February 5, 2021
As a lead sponsor of the proposed zoning change to allow “community solar” on less than 2% of the County’s 100,000 acres of land zone Agricultural Reserve, I can no longer support the zoning change as it was amended by the Council on January 26, 2021. If it comes before the Council again, I am hopeful that we will still find a compromise that provides a clean path forward for a meaningful amount of solar energy; if not, with regret I will vote against it.
The original proposal I introduced with Council President Tom Hucker would have generated enough clean electricity to power about 50,000 homes, helping the County achieve important climate goals and supporting State goals to shut down coal-fired power plants — all while providing discounted clean energy to low income residents.
Working with groups such as the Sierra Club, Poolesville Green and Chesapeake Climate Action Network, we developed a plan that we hoped would be a cornerstone of our County’s environmental and climate action agenda.
The Council’s amendments thus far, unfortunately, restrict the land that can be used so significantly that, if adopted, the zoning proposal would establish a local precedent for solar power that many clean energy advocates are warning us could move Maryland backwards rather than forward, akin to a local government blocking offshore wind generation on the Eastern Shore.
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December 17, 2020
Riemer: “It’s time for Council action. Legalizing 1,800 acres of farm solar arrays would be our biggest step yet to address the climate emergency”
ROCKVILLE, Md., Dec. 15, 2020—A new poll released today by Chesapeake Climate Action (CCAN) finds overwhelming support among Montgomery County voters for a proposal that is before the Montgomery County Council to legalize a limited amount of solar arrays on farm land in the County.
The zoning proposal, Zoning Text Amendment (ZTA) 20-01, authored by Planning, Housing and Economic Development Committee (PHED) Chair Hans Riemer and Transportation and Environment Committee (T&E) Chair Tom Hucker, would allow solar arrays for community solar and aggregate net metered installations on land in the Agricultural Reserve zone. These solar installations are capped at two megawatts of energy generation, which generally requires about 10 to 12 acres of land. Community solar projects have a strong low-income component and aggregate net metered arrays are limited to local government, non-profit or agricultural entities. The zoning change would limit installations to a maximum of 1,800 acres in the more than 90,000 acre reserve. The land would be required to continue supporting agricultural uses through pollinator-friendly plant cultivation, food crop production or herd grazing. The plan also has strong forest, runoff and other environmental protections that exceed what is otherwise required for farm land.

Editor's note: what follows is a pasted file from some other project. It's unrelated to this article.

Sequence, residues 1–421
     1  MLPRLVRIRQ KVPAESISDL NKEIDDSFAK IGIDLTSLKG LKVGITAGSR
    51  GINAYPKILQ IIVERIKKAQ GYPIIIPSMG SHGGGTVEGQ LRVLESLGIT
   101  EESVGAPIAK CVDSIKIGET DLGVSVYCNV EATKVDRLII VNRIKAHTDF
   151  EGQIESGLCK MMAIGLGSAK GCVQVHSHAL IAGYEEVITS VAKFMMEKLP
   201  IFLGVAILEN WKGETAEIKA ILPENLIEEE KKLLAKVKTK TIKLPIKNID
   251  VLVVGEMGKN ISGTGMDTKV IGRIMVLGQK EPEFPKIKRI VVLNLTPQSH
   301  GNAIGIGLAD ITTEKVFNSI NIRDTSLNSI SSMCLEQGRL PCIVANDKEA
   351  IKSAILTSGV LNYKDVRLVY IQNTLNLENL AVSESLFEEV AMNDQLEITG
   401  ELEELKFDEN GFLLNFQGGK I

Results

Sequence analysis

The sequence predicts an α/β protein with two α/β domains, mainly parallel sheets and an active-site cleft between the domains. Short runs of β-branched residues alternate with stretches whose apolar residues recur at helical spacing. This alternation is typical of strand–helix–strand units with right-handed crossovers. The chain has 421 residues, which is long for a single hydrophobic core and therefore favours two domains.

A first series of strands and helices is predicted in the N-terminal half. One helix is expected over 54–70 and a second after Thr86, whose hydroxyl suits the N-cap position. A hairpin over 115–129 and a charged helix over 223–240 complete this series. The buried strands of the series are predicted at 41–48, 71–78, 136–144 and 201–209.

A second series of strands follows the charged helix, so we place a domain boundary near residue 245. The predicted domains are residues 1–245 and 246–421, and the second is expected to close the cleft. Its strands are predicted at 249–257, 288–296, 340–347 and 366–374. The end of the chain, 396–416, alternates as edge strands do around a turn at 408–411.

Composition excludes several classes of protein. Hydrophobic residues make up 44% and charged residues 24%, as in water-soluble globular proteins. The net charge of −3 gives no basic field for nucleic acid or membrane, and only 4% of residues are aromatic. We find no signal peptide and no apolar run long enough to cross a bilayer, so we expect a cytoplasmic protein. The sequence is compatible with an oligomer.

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August 26, 2020
Years ago the County Council made a consequential decision to set aside nearly one-third of all land in our County for agriculture, through restrictive zoning.
Today I am calling on our Council to take a new and bold step forward in the fight against climate change — a crisis that Joe Biden highlighted in his convention speech — by revising the zoning code to allow the blending of solar arrays with farmland on a small portion of the Agricultural Reserve.
Farming and solar can go together. Elsewhere, visionary farmers are pioneering “dual use” of land beneath solar arrays by Keep Reading >>
December 3, 2019
Bill 36-18 creates new framework to reduce traffic and streamline development review process
Rockville, Md., Dec. 3, 2019—Today the Council unanimously adopted Bill 36-18 to comprehensively amend the County’s Transportation Demand Management law, especially as it applies to new development in the County. Introduced by former County Executive Isiah Leggett at the end of his term, the legislation is the result of a multi-year interagency working group formed under former Department of Transportation Director Al Roshdieh after requests from Councilmember Hans Riemer and former Councilmember Roger Berliner. Keep reading >>
March 1, 2019
The Maryland General Assembly is right now considering a statewide ban of styrofoam food service products (SB0285/HB0109). I am very pleased to see this. Montgomery County banned styrofoam food service products in 2015 by passing legislation I authored, joining a regional effort with Washington, DC and Prince George’s County.
What makes styrofoam a particularly pernicious form of litter is that the petroleum-based plastic breaks down into small pieces as it makes it way to the Chesapeake Bay, but it does not completely dissolve. This makes it incredibly difficult and costly to clean up. It also ends up in the food supply, as fish and oysters eat the bits of foam. The only meaningful way reduce this scourge on our watersheds is to ban it.
Hopefully, the rest of Maryland will soon join us.